Love is patient and kind; love does not envy or boast; it is not arrogant
New American Standard Bible (©1995)
Love is patient, love is kind and is not jealous; love does not brag and is not arrogant,
International Standard Version (©2008)
Love is always patient; love is always kind; love is never envious or arrogant with pride. Nor is she conceited,
GOD'S WORD® Translation (©1995)
Love is patient. Love is kind. Love isn't jealous. It doesn't sing its own praises. It isn't arrogant.
King James Bible
Charity suffereth long, [and] is kind; charity envieth not; charity vaunteth not itself, is not puffed up,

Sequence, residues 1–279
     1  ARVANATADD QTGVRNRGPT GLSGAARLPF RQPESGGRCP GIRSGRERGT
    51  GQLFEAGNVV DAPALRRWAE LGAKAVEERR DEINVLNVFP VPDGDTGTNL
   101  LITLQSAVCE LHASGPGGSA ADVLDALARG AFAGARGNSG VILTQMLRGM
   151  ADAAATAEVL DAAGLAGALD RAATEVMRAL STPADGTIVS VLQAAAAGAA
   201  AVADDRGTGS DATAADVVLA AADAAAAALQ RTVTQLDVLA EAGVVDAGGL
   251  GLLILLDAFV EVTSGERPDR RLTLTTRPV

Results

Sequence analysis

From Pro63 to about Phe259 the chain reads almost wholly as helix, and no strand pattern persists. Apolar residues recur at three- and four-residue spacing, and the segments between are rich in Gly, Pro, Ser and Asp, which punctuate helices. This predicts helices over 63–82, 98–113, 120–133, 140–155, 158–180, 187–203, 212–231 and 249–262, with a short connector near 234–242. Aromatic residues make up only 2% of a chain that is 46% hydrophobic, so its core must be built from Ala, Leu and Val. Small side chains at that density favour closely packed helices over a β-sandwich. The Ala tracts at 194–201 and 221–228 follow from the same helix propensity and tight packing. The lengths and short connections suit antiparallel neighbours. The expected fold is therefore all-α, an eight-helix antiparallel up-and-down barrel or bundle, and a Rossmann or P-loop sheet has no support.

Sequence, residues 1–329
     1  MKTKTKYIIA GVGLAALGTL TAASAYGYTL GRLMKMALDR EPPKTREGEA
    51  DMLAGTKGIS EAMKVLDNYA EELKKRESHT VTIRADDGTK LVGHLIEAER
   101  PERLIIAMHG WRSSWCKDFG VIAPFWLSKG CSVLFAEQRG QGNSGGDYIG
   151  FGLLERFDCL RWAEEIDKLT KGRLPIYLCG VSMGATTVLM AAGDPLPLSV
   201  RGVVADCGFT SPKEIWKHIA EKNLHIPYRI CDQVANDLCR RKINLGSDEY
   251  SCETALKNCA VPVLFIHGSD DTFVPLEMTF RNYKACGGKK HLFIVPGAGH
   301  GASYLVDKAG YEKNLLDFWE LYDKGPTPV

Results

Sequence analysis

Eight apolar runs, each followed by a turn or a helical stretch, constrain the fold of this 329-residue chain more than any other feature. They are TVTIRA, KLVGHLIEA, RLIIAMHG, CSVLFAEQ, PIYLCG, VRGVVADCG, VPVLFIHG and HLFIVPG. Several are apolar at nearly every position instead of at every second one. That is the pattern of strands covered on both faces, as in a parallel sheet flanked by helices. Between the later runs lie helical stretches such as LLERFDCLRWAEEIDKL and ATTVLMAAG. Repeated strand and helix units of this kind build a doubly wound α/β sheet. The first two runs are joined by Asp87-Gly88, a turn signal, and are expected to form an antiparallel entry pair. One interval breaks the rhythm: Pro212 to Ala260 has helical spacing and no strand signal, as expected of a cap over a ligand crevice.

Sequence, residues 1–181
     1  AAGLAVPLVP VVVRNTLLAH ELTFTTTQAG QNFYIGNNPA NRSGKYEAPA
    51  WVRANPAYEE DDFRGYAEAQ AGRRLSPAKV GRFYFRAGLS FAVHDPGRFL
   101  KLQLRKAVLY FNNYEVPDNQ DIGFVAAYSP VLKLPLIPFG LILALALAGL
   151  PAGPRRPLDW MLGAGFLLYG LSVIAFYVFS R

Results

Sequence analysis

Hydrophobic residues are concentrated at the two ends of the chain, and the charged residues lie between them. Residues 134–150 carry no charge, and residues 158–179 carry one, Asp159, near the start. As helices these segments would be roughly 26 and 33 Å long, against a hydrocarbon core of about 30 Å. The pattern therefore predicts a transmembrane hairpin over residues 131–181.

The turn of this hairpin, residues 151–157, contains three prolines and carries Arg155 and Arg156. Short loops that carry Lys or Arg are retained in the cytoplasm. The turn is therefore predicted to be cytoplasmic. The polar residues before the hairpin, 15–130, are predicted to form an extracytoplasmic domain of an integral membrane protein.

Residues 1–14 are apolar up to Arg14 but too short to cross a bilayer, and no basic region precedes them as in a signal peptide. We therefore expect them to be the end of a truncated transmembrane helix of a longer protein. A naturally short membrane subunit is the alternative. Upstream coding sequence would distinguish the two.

American King James Version
Charity suffers long, and is kind; charity envies not; charity braggs not itself, is not puffed up,
American Standard Version
Love suffereth long, and is kind; love envieth not; love vaunteth not itself, is not puffed up,
Bible in Basic English
Love is never tired of waiting; love is kind; love has no envy; love has no high opinion of itself, love has no pride;
Charity is patient, is kind: charity envieth not, dealeth not perversely; is not puffed up;
Darby Bible Translation
Love has long patience, is kind; love is not emulous of others; love is not insolent and rash, is not puffed up,
English Revised Version
Love suffereth long, and is kind; love envieth not; love vaunteth not itself, is not puffed up,
Webster's Bible Translation
Charity suffereth long, and is kind; charity envieth not; charity vaunteth not itself, is not puffed up,
Weymouth New Testament